Azrad M, Vollmer RT, Madden J, et al. Flaxseed-derived enterolactone is inversely associated with tumor cell proliferation in men with localized prostate cancer. J Med Food. 2013;16(4):357-360.
Data extraction from previous phase II randomized controlled trial
The study included 161 men with prostate cancer who underwent prostatectomy, 147 of whom had sufficient information for analysis.
Study Medication and Dosage
Data for this study was procured from a previous study in which men were randomized by race (Black vs non-Black) and Gleason score (Gleason ≥7 vs ≤6) into 4 groups: control (n=41), flaxseed (FS; n=40), low-fat diet (LF; n=40), or flaxseed and low-fat diet (FS & LF; n=40). Flaxseed groups consumed 30 g/day and “low fat” diet groups consumed <20% of calories per day from fat. For purposes of the current study both flaxseed groups were combined for the flaxseed group (n=73) and the control and LF groups combined to make the no flaxseed group (n=74). Dietary and flaxseed intervention began approximately 30 days prior to prostatectomy.
Urinary enterolactone, enterodiol, and total lignans (μg/day) at baseline and at time of surgery. Correlations between urinary enterolignans and prostate tumor expression of Ki-67, vascular endothelial growth factor (VEGF), and nuclear factor kappa B (NF-κB) were assessed.
There were significant correlations between plant lignan intake and urinary concentrations of total enterolignans (P<0.0001), enterolactone (P<0.0001) and enterodiol (P<0.0001 ). Total urinary enterolignans and enterolactone were inversely correlated with tumor tissue levels of Ki-67 (P=0.011 and P=0.007, respectively). Although not statistically significant, an inverse association was also observed with enterolactone and VEGF (P=0.141). There was no association with urinary lignan levels and NF-κB expression in the tumor tissue.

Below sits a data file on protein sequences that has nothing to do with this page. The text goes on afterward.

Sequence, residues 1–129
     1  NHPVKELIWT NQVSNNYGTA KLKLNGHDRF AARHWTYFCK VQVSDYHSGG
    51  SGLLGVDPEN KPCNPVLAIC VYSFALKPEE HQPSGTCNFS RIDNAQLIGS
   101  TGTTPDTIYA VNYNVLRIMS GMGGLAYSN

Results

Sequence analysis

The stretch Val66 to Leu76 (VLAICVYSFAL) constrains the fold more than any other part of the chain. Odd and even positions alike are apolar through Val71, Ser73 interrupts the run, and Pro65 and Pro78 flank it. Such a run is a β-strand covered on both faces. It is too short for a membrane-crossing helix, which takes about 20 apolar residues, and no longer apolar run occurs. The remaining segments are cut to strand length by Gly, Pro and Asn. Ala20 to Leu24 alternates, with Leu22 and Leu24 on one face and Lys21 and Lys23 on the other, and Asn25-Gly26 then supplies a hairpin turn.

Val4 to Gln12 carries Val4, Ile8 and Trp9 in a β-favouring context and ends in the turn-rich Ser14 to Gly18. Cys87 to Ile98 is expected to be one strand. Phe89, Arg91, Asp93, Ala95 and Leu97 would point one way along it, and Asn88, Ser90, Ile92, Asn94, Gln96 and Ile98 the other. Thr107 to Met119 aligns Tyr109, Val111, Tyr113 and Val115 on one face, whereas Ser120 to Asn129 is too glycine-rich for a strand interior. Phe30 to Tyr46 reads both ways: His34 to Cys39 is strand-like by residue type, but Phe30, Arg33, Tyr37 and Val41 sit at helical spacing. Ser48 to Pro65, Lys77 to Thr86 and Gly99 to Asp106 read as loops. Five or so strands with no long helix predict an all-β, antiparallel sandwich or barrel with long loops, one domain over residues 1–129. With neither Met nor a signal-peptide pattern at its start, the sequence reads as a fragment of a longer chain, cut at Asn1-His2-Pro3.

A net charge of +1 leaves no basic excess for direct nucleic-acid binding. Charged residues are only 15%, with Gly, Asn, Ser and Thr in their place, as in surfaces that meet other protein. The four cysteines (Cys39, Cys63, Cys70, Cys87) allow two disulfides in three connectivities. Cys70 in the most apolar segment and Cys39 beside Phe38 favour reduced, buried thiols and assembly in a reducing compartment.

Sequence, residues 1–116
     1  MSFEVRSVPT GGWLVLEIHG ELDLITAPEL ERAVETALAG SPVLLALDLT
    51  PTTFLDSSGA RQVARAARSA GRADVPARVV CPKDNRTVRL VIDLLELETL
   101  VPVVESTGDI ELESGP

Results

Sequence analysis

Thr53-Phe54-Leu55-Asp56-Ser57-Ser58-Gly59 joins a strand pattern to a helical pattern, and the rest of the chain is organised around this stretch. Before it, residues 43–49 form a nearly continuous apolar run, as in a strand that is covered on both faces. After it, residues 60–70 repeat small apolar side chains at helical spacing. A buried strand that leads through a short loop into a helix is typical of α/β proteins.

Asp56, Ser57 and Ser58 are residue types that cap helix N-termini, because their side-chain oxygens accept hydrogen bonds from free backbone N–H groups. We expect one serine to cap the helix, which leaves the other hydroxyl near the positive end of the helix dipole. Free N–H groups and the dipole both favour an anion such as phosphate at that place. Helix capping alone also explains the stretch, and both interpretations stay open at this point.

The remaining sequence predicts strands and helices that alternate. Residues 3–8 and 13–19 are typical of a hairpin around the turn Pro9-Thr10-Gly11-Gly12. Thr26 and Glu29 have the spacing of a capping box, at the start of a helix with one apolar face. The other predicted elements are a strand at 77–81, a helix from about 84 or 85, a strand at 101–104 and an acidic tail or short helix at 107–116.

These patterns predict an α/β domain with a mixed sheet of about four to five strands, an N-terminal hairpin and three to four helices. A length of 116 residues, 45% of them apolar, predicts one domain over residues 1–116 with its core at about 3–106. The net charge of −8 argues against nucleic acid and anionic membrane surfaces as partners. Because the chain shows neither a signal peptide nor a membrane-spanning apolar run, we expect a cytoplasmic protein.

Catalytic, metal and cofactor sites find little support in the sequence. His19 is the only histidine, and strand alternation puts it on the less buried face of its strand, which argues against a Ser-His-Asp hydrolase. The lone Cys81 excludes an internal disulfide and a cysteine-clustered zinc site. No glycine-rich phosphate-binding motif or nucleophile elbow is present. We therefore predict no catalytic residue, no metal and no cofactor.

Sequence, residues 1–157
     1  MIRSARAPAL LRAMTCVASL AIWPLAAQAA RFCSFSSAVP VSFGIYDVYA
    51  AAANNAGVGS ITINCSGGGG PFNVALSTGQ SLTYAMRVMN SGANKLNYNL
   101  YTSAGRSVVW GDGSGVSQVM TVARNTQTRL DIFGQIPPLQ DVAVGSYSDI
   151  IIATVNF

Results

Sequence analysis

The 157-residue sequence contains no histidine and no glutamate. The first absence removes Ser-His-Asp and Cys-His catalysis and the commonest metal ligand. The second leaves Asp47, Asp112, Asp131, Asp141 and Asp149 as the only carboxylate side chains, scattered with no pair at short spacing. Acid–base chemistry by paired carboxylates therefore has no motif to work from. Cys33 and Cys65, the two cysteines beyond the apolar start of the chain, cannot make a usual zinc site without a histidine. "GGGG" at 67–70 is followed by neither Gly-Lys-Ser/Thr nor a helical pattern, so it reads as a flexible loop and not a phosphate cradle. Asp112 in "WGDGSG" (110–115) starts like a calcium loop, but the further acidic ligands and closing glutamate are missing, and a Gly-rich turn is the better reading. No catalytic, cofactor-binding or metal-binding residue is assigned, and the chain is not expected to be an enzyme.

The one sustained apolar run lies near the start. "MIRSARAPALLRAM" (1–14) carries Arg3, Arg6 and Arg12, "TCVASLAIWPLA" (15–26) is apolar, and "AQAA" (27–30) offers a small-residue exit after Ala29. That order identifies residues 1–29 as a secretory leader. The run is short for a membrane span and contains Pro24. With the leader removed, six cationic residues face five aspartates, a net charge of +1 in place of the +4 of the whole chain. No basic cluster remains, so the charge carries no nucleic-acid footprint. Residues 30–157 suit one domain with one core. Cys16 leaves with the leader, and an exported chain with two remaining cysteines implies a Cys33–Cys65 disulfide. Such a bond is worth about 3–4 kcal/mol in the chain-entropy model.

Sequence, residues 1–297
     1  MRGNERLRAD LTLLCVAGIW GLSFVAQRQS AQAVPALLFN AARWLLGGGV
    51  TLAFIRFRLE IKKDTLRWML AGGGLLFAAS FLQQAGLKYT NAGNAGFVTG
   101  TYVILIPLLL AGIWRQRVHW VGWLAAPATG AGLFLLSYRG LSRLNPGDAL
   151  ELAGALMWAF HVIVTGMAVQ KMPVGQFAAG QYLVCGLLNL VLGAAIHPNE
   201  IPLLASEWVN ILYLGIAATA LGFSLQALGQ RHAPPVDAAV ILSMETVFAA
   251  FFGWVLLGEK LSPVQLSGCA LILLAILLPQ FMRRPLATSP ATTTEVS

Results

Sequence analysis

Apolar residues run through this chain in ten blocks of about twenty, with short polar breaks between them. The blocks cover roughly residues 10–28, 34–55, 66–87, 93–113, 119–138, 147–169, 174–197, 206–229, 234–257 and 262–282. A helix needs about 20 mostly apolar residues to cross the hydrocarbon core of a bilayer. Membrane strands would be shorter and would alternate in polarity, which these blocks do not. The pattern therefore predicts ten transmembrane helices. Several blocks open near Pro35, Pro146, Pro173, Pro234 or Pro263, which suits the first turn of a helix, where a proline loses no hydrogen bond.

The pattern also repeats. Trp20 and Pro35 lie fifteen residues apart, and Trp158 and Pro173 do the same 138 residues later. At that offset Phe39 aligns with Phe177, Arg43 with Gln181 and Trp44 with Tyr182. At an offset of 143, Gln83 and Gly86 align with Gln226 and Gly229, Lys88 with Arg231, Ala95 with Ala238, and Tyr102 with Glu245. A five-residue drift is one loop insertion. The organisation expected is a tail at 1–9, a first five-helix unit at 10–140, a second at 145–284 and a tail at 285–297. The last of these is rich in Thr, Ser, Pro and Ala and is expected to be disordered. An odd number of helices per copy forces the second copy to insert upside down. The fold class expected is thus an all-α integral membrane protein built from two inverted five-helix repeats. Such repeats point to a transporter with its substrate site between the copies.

Lignans are a type of phytoestrogen found in a variety of foods, including brassica vegetables, legumes, seeds, and whole grains. Flaxseed has exceptionally high content, with the lignan secoisolariciresinol-diglucoside comprising approximately 0.05% to 0.2% by weight.1 Epidemiological studies suggest diets high in lignans have a protective effect against many cancers, including breast, colon, and prostate.2-4 The current study demonstrates this “protection” may go one step further—reducing the aggressiveness of an already existing tumor.
What is striking is that a disease process that takes many years to develop is affected at all by a dietary change lasting only 30 days.
This publication is a follow-up to the authors’ previous publication, “Flaxseed supplementation (not dietary fat restriction) reduces prostate cancer proliferation rates.”5 Using the same group of participants, the authors established that both groups consuming flaxseed supplement had a lower proliferative index (Ki-67) compared to the control and low-fat groups. In the current abstract the authors analyzed the same prostatic tissues to assess the molecular changes in VEGF and NF-κB. For statistical analysis, the 4 groups were divided into just 2—flaxseed and no flaxseed. VEGF and NF-κB were assessed in addition to Ki-67. Once again, Ki-67 was significantly lower in the flaxseed group. While the VEGF expression trended lower in the flaxseed group, the NF-κB had no associated changes. This implies the lower proliferation of cells may be due to factors other than VEGF and NF-κB.